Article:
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Overweight, obesity, and mortality from cancer in a prospectively studied cohort of U.S. adults.
N Engl J Med 2003; 348(17):1625-38NEJM

Abstract

BACKGROUND

The influence of excess body weight on the risk of death from cancer has not been fully characterized.

METHODS

In a prospectively studied population of more than 900,000 U.S. adults (404,576 men and 495,477 women) who were free of cancer at enrollment in 1982, there were 57,145 deaths from cancer during 16 years of follow-up. We examined the relation in men and women between the body-mass index in 1982 and the risk of death from all cancers and from cancers at individual sites, while controlling for other risk factors in multivariate proportional-hazards models. We calculated the proportion of all deaths from cancer that was attributable to overweight and obesity in the U.S. population on the basis of risk estimates from the current study and national estimates of the prevalence of overweight and obesity in the U.S. adult population.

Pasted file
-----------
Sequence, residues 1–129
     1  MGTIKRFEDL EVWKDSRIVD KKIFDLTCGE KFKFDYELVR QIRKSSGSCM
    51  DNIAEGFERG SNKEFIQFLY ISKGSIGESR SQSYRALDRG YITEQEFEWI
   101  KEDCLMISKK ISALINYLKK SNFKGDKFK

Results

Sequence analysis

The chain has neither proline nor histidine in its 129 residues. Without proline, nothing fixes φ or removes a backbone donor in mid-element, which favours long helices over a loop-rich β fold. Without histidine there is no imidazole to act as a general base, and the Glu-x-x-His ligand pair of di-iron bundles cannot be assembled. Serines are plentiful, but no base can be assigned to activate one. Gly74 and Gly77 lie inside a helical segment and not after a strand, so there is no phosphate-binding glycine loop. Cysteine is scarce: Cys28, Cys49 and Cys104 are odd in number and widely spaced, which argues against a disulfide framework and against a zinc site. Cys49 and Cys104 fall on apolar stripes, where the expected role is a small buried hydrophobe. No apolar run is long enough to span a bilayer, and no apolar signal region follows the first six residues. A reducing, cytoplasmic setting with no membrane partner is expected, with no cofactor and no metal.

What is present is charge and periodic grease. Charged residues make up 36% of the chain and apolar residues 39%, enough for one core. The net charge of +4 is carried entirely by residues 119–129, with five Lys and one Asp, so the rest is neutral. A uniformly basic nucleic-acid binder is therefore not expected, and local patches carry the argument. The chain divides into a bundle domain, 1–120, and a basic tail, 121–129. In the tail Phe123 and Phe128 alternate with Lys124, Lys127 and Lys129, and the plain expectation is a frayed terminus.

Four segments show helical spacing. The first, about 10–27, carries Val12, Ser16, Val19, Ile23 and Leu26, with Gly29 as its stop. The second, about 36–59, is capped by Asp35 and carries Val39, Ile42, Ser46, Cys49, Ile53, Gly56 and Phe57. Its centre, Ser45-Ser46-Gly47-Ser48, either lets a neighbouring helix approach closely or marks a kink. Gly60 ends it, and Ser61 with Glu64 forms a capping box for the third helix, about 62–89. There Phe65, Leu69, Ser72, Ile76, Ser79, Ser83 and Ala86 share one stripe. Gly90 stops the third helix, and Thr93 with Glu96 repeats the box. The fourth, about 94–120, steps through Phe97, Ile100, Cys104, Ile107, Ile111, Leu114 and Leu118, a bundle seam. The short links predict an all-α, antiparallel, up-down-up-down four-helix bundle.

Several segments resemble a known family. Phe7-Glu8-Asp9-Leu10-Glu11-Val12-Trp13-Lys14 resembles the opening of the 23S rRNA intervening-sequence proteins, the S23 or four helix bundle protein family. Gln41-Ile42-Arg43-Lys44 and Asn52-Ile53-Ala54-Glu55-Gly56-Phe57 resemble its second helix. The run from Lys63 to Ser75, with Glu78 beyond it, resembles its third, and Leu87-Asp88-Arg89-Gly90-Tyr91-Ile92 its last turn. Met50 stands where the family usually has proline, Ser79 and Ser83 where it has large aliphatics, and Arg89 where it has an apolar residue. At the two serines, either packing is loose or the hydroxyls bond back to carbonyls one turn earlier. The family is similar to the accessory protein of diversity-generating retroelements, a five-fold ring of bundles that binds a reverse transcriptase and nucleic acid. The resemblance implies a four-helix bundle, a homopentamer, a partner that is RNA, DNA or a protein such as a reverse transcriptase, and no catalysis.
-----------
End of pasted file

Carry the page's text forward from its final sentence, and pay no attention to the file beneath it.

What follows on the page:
RESULTS